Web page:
AUGUSTA — The Legislature’s agriculture committee unanimously approved an emergency bill Tuesday that would allow Maine to treat hemp-derived cannabidiol, or CBD, as a food, not a medicine.

Supporters say L.D. 630 is the fastest way to reopen the lucrative CBD market to local farmers, bakers, processors and retailers before they miss out on the 2019 growing season, shut down their kitchens and lay off employees or lose customers to online, out-of-state rivals. The market all but shut down after a state-initiated crackdown in January.

Janet McAllister, the owner of Hippy Chick Natural Solutions in Sangerville, had to close her commercial kitchen that produced high-CBD edibles and lay off three employees after the state action. She begged Maine to help her and her employees get back to work.

“At my company, we’ve got a motto: Do the right thing,” said McAllister, who spelled out details of her company’s rigorous testing policy, product donation program and charitable work. “Now it’s your turn: Do the right thing by the people of Maine.”

Maine lost its share of what is estimated to be a $600 million national market last month when state inspectors cracked down on CBD foods, warning state retailers that they could no longer sell what federal authorities consider to be an unapproved food additive.

U.S. lawmakers, including Maine’s own Reps. Chellie Pingree and Jared Golden, have asked the Food and Drug Administration to provide a legal means of using CBD in food in the wake of adoption of the U.S. Farm Bill, which legalized hemp and distinguished it from marijuana.

The state’s crackdown prompted Rep. Craig Hickman, D-Winthrop, to come up with what he hopes is going to be a localized solution to the state-federal disconnect on CBDs. More than 40 hemp farmers, retailers, processors and CBD patients testified in favor of the bill.

The bill, if approved by the full Legislature, would change the state definition of hemp to match the federal one and allow Mainers to keep growing, processing and selling hemp-derived CBD products so long as they don’t try to act like it’s a medicine. That would mean no one could make any health claims.

Under questioning from committee members, a division director in the Maine Department of Agriculture, Conservation and Forestry said it would likely take weeks to write the rules to enact the law, but implied state inspectors would take no enforcement action until then.

Director Celeste Poulin said a state inspector had made a mistake when telling retailers to pull hemp-derived CBD edibles off the shelves. The state can’t say it’s OK to sell products that the federal government doesn’t deem safe, she said, but it isn’t seizing them, either.

Time is of the essence for Maine farmers, who must line up a source of certified hemp seed before filing for a state cultivation license. That application deadline is April 1, and lab-certified seeds are selling out fast, said hemp farmer Sarah Hewitt, who owns Victory Hemp LLC.

“The sudden policy change has severely impacted my business when I should be sourcing my seed, filling out my license application and making a farm plan,” she said. “Farmers could lose out on one of the highest-value agricultural commodities to come along in a very long time.”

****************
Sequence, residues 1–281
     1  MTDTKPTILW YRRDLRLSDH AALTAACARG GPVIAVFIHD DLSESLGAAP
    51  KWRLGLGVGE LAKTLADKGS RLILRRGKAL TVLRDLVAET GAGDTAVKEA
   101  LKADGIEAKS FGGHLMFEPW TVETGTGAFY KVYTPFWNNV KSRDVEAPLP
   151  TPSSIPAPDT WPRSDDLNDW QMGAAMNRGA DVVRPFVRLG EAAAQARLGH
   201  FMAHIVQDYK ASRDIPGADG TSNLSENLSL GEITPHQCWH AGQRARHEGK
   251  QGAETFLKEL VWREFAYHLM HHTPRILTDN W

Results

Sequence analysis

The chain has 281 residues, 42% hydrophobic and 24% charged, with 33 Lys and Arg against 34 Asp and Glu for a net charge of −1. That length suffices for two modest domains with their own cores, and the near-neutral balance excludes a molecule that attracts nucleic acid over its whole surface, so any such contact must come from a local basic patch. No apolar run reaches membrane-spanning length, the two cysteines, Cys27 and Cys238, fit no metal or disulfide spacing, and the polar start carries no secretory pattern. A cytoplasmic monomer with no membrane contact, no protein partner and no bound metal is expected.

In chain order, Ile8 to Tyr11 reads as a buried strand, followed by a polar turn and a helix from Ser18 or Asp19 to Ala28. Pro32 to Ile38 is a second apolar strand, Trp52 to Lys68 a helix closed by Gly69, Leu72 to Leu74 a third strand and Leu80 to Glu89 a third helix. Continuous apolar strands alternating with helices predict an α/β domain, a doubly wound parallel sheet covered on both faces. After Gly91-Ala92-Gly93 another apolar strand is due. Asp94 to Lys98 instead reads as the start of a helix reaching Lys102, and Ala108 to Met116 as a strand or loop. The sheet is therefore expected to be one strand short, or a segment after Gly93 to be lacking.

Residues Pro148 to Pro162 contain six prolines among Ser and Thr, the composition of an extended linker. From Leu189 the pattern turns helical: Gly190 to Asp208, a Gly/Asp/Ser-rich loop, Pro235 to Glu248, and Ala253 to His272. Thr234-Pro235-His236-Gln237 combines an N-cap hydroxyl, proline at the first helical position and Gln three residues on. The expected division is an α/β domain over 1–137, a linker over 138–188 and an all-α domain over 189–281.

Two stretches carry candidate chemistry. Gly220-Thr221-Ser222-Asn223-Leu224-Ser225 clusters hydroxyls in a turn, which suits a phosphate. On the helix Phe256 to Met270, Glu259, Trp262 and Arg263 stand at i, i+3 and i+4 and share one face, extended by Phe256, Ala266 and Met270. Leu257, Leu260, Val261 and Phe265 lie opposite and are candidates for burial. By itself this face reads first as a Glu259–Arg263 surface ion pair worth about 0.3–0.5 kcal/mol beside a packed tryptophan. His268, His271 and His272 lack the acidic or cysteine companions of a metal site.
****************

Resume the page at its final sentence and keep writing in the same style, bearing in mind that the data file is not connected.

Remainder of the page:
Maine hemp farmers can expect to earn between $16,000 and $200,000 per acre, depending on their production method, product quality and end market, with CBD products bringing in the most money, Hewitt said.

“At a time when farmers are struggling to make ends meet and are being forced to sell parcels off to sustain themselves, we should be looking to encourage CBD hemp production in Maine, not discourage it,” Hewitt told lawmakers.

State authorities began sending out letters to CBD retailers last month to inform them of the state interpretation of a new Food and Drug Administration release labeling the hemp-derived as an unapproved food additive.

Maine retailers stopped selling foods, tinctures and capsules containing this non-psychoactive chemical compound found in cannabis, leaving tens of thousands of dollars of CBD product to gather dust. Products ranged from infused candies to tinctures to CBD dog biscuits.

Manufacturers that specialize in extracting the CBD oil from the cannabis plant for use in vape pens, edibles and tinctures are laying off employees and trying to figure out how to pay for the new extraction equipment, some of which carries a half-million dollar price tag.

Gerrick Alternatives, a Hallowell-based distributor of CBD products, is sitting on thousands of dollars of inventory it can no longer sell, said owner Philip Hendricks, a former school teacher who uses CBD to treat his Lyme disease pain. He has also laid off a worker.

“People want to get back to work,” Hendricks said. “I don’t want to lay off any more people.”

The CBD craze has jump-started Maine’s hemp industry. What began in 2016 as a small pilot program, with two farmers cultivating a quarter of an acre of hemp has grown into a 550-acre industry employing 82 licensed hemp farmers, according to 2018 state data.

Horticulturalist Gary Fish, who oversees the state hemp program, believes that market could double or even triple in 2019, given the high consumer demand for CBD and the legalization of hemp in the 2018 U.S. Farm Bill.

The increasingly popular CBD – which has made its way into gas stations, health food stores and hardware shops across Maine – has not disappeared from circulation entirely, however. Retailers can still sell CBD products that can be smoked, vaped, or applied as a lotion.

All medical cannabis patients can still buy CBD from licensed caregivers or dispensaries.


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